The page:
11. Your post was heartrending to read. I would also be exactly the same as you..... be with him every minute of the day. I sincerely hope that the ketogenic diet is successful.
    Thinking of you. x

  12. My daughter used to have febrile convulsions and it was incredibly scary to see your baby like that. Epilepsy must be a very tough thing to live with, i have everything crossed for you !!

  13. Golly gosh! Even tho my daughter has epilepsy and I thought I knew a good bit about the condition I had no idea it could cause anyone to stop breathing like that! How incredibly terrifying for you all. Sending you all lots of hugs and love. xxx

  14. Thanks Jonty Babe - yep, pretty terrifying alright. I genuinely never knew epilepsy could be like this! We're trying to learn to live with it though and praying for a miracle in the meantime (in the form of the ketogenic diet). x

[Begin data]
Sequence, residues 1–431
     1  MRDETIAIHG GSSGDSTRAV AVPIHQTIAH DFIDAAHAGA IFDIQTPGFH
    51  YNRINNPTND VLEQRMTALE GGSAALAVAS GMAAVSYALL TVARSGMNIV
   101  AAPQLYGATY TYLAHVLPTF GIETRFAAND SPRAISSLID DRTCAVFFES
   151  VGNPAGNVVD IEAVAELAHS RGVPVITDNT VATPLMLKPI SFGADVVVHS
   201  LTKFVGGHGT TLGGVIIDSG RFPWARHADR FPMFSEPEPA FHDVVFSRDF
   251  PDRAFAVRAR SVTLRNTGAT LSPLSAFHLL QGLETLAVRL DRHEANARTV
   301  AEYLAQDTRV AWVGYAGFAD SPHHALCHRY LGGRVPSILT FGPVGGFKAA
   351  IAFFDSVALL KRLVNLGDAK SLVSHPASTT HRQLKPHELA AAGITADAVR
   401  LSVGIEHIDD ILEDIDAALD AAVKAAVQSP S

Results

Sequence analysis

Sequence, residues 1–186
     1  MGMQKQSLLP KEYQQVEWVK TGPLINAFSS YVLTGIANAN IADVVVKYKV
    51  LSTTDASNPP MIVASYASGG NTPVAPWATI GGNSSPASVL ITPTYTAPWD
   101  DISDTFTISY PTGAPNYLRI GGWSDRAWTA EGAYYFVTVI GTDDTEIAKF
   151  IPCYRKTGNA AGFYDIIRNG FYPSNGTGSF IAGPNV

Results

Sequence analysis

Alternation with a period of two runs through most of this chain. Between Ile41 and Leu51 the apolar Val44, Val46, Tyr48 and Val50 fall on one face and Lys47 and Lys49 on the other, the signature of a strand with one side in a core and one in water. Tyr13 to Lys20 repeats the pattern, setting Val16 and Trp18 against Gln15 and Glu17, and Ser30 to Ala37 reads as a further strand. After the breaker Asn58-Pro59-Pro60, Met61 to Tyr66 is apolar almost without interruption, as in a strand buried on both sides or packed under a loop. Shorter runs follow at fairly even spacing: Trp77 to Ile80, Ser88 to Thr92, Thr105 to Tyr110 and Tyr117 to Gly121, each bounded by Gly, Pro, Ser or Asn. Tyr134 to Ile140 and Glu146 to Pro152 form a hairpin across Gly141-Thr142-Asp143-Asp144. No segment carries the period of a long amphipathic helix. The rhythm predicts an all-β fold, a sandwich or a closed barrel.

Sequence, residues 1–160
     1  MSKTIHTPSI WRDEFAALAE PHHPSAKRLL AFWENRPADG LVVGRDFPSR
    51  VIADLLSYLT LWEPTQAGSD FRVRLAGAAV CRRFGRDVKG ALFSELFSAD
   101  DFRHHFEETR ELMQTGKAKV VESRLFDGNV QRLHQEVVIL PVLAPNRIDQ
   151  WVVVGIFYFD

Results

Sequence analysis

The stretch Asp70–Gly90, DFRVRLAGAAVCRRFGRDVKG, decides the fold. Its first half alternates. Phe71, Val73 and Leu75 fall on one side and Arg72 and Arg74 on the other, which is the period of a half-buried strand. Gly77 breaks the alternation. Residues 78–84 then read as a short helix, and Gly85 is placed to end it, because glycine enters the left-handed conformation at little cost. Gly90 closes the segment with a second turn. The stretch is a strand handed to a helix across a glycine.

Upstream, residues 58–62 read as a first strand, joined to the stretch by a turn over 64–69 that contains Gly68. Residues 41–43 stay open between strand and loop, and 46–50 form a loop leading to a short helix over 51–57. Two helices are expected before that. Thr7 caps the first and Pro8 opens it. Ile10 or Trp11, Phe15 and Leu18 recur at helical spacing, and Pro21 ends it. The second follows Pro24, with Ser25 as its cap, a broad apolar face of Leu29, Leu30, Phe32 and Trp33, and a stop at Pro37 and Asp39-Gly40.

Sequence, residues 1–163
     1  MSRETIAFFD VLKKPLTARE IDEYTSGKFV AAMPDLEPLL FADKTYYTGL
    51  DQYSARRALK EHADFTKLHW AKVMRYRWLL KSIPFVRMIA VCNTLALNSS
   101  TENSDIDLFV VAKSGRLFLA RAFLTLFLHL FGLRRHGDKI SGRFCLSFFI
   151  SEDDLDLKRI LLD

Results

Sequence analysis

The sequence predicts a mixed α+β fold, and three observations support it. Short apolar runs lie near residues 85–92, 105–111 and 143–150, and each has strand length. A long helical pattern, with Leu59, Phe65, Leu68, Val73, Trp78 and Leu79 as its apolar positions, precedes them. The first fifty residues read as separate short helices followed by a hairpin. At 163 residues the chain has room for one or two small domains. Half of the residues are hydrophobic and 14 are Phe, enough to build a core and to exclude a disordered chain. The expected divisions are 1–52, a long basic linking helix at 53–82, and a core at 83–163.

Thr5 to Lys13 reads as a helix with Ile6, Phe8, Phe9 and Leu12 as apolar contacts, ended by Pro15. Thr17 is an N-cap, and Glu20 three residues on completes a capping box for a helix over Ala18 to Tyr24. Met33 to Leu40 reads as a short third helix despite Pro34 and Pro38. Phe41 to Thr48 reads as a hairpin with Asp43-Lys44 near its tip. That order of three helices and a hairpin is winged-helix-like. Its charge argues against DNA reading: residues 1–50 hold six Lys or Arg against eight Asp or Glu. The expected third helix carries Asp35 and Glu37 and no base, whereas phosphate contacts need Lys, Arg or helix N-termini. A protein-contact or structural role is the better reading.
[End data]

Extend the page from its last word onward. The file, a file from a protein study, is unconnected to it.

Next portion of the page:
Thanks Di and Bottle in front of me I must have missed your comments before. xxx

  15. Wow... what you have to go through it's not imaginable even for me (and I have a big imagination).
    Althought you don't feel strong, you are. Don't ever forget that.
    I just hope I won't have to go through it myself ever.
    Thinking of you. x